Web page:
Unique British sample pop project PUBLIC SERVICE BROADCASTING reports back with new music. The enigmatic Progress is the first new piece of music since 2015’s album The Race For Space. It also sees band which now morphed into a three-piece teaming up with a guest vocalist for the first time ever. None other than CAMERA OBSCURA singer Tracyanne Campbell added her magic to the track.

The band’s mastermind J. Willgoose explains the changing nature of the track with the following words:

‘I think some people have thought – wrongly, in my eyes – that what we do is about nostalgia, when to me it’s about celebrating human achievements,innovation and resilience, even in the face of overwhelming odds. This song is an attempt to state that more explicitly, especially at a time when certain regressive elements seem determined to take us back to some non-existent, halcyon 1950s era. Progress will win in the end – it has to.’

Progress also teases the third PUBLIC SERVICE BROADCASTING album Every Valley which arrives this summer, on July the 7th. According to an extended blog post written by Willgoose the album centred around coal mining in the UK, and in south Wales in particular. Still, many themes of the new album are quite universal as he points out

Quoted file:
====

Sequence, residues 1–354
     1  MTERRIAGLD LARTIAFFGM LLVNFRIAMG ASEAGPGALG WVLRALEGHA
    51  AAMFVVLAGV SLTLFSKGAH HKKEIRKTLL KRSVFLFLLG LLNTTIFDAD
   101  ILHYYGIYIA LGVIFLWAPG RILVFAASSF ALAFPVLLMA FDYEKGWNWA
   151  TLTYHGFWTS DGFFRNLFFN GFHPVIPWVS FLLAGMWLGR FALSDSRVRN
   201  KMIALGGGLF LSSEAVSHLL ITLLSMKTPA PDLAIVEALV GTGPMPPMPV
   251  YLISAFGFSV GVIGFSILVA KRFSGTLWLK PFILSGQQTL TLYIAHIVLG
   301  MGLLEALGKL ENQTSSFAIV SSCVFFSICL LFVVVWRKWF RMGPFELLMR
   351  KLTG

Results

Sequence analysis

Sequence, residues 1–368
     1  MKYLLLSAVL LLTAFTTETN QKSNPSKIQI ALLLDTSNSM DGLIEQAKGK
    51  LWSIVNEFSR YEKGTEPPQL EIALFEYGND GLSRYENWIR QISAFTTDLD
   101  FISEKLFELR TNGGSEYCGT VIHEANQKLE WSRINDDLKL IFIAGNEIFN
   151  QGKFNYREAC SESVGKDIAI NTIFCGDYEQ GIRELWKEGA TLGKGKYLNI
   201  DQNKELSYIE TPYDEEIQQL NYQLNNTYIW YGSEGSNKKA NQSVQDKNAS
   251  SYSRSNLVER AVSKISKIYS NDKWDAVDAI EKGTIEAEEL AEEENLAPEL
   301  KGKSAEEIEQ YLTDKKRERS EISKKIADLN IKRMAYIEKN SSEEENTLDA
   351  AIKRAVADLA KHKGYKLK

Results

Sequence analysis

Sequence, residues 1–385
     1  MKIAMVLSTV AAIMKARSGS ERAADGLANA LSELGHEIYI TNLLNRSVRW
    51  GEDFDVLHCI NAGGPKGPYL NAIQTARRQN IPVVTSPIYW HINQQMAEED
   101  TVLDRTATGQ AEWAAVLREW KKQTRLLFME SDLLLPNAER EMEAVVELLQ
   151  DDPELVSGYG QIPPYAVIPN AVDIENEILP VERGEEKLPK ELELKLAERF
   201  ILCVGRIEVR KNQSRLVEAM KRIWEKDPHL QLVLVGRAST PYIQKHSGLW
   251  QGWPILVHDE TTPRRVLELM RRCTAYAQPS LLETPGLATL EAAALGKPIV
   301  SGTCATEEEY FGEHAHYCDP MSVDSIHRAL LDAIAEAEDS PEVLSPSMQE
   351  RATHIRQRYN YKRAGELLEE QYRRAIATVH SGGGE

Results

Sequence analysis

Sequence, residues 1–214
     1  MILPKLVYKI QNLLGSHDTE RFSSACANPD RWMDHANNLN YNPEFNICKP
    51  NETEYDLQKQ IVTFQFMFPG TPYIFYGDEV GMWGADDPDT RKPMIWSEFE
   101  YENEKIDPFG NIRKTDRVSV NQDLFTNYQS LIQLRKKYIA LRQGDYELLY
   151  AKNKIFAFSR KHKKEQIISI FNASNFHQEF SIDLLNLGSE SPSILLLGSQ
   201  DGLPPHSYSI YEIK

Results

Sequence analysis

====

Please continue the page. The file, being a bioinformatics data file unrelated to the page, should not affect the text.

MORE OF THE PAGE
‘This is an album about community as much as it is about mining; it’s the story of an entire region centred around one industry, and what happens when that industry dies.’

You can read our interview feature with the band from 2015 before enjoying the new direction right here via the album trailer, the scientific clip for Progress and another new song called They Give Me A Lamp. A third track arrives in the form of People Will Always Need Coal which mastermind J. Willgoose, Esq. explains in the following words:

‘There’s a really quite savage irony to this track when viewed with the benefit of hindsight – of a coal board with the confidence to assure people of safe, prosperous jobs in a strong and stable industry when they were only ten years away from the largest industrial confrontation of the UK’s last fifty years and the decimation of careers, communities and livelihoods. It just goes to show how one age’s absolute confidence can descend into instability and chaos in the blink of an eye, and how state-sponsored pronouncements of certainty should always be taken with a heavy pinch of salt. Also, I think it’s quite a good song.’

‘People Will Always Need Coal’

‘They Gave Me A Lamp’